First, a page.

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Impacts of Deepwater Horizon Oil Spill on Lost Recreational Use

AUGUST 10, 2018 — OR&R senior economist, Norman Meade, is a co-author on a recent article that details how the impact of the Deepwater Horizon (DWH) oil spill on lost recreational use was valued.  

Beach with large body of water in background.
Gulf of Mexico. Image credit: NOAA.

The 2010 DWH oil spill in the Gulf of Mexico was the largest ever in U.S. waters. A recreation demand model was developed to monetize economic damages associated with lost shoreline recreational user days attributable to the spill. The unprecedented magnitude of the spill disruption led to a variety of innovations. A model of shoreline recreation trips to the Gulf Coast region was estimated from the general population of the contiguous U.S., combining single and multiple-day trips, calculating travel costs that incorporate detailed information on flying costs and transportation mode choice, and using alternative-specific constants to control for site characteristics. Losses per recreational user day are assessed using utility adjustments that reproduce the decline in recreation observed through onsite counts. Sensitivity analyses demonstrate the lost user day value is robust to changes in income imputation, nesting structure, site aggregation and spill calibration, and show the importance of accounting for flying as a mode choice. Estimated losses from the primary shoreline study are $520 million (±+/-166) out of the total recreational damages of $661 million (in 2015 dollars). The article is published in the Journal of Environmental Economics and Management. This article is one of over 120 articles published documenting the results of NOAA's efforts to assess and quantify the impacts of the DWH spill via the natural resource damage assessment (NRDA).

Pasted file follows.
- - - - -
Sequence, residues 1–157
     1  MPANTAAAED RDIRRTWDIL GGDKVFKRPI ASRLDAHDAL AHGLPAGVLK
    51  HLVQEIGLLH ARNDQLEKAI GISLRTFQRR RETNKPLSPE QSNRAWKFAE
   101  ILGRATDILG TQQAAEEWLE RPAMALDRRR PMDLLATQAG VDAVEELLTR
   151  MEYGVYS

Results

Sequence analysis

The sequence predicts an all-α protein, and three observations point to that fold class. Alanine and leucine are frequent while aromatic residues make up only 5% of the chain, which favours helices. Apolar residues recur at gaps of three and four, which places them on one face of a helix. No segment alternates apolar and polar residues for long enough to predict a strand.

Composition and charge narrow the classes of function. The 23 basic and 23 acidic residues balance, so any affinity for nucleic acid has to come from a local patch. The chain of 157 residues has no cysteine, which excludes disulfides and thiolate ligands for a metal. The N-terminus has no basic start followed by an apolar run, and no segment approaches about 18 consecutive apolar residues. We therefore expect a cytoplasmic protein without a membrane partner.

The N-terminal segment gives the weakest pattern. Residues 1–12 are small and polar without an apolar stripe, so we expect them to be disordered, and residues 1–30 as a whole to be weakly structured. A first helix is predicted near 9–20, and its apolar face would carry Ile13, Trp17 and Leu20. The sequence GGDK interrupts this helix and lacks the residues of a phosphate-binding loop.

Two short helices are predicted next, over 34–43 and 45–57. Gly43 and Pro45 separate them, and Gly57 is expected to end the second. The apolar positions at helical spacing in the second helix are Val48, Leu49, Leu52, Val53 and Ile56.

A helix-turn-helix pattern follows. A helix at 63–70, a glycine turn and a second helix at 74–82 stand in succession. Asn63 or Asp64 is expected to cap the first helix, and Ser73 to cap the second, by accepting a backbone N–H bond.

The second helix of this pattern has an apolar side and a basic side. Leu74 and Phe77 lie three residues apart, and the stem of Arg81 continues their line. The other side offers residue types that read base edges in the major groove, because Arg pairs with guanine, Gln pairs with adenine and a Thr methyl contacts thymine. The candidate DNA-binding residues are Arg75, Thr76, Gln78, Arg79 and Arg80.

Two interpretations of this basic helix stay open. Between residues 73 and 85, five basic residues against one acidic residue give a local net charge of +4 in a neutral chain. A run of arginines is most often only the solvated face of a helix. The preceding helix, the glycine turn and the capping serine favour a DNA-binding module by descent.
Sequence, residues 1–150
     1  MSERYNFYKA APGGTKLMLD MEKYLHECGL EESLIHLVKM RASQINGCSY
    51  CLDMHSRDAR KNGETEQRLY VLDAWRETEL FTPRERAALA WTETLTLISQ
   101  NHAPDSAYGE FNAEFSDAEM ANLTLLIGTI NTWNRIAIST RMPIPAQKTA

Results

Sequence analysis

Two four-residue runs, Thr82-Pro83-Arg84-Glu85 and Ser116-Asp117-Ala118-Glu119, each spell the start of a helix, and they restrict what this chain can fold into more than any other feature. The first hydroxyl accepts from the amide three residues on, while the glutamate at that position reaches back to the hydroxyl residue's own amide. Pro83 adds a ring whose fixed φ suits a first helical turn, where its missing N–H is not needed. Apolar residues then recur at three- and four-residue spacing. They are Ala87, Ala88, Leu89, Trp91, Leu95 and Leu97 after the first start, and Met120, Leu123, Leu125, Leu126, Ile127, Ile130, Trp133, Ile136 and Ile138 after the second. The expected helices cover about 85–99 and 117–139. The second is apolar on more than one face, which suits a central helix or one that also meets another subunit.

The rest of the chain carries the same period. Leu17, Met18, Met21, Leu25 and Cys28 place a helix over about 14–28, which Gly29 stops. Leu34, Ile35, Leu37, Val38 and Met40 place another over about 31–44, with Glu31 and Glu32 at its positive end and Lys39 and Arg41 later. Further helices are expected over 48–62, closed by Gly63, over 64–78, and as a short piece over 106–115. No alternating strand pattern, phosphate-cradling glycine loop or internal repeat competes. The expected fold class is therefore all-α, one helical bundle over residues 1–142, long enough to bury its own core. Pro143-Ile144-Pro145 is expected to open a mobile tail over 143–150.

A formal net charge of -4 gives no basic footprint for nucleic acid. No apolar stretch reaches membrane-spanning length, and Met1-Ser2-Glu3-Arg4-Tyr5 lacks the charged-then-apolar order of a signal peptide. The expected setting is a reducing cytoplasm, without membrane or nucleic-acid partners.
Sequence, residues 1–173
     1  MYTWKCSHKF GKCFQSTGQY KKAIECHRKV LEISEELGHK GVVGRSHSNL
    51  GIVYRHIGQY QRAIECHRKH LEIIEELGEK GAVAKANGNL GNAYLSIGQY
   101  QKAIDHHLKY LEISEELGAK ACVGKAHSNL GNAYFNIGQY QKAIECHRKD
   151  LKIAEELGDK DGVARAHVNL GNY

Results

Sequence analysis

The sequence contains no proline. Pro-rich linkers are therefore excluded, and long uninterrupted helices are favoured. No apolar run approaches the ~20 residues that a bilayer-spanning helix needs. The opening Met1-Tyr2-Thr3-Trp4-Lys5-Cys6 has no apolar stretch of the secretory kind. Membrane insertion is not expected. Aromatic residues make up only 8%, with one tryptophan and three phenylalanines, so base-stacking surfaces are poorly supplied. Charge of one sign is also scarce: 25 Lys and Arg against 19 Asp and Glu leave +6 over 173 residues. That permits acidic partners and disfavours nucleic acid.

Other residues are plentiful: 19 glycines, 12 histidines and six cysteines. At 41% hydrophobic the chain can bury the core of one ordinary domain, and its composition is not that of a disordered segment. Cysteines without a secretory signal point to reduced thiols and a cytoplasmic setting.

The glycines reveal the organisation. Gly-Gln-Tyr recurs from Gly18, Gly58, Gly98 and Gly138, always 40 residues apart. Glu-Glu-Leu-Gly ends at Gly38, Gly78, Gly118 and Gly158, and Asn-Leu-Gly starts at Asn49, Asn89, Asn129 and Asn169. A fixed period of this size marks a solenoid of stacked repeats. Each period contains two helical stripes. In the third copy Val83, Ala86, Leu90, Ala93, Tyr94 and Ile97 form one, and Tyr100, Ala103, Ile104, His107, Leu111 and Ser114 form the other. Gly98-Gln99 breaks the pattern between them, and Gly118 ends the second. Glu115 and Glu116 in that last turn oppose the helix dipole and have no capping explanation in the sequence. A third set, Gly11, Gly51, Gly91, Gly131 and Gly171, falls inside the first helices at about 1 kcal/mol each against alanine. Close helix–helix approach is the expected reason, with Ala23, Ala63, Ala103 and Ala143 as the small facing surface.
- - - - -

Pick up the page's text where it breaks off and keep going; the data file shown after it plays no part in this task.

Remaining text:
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Last updated Friday, June 14, 2019 2:51pm PDT